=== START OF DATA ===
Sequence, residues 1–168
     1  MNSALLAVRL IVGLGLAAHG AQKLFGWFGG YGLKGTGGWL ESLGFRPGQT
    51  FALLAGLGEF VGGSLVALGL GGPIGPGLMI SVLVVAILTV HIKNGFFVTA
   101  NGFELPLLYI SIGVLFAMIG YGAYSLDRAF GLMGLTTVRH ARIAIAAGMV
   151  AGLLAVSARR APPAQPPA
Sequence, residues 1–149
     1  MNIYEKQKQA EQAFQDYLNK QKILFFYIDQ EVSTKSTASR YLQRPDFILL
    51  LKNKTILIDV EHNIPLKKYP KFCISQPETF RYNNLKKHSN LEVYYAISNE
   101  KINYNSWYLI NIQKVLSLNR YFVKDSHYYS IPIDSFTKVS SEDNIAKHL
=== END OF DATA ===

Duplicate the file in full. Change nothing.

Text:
Sequence, residues 1–168
     1  MNSALLAVRL IVGLGLAAHG AQKLFGWFGG YGLKGTGGWL ESLGFRPGQT
    51  FALLAGLGEF VGGSLVALGL GGPIGPGLMI SVLVVAILTV HIKNGFFVTA
   101  NGFELPLLYI SIGVLFAMIG YGAYSLDRAF GLMGLTTVRH ARIAIAAGMV
   151  AGLLAVSARR APPAQPPA
Sequence, residues 1–149
     1  MNIYEKQKQA EQAFQDYLNK QKILFFYIDQ EVSTKSTASR YLQRPDFILL
    51  LKNKTILIDV EHNIPLKKYP KFCISQPETF RYNNLKKHSN LEVYYAISNE
   101  KINYNSWYLI NIQKVLSLNR YFVKDSHYYS IPIDSFTKVS SEDNIAKHL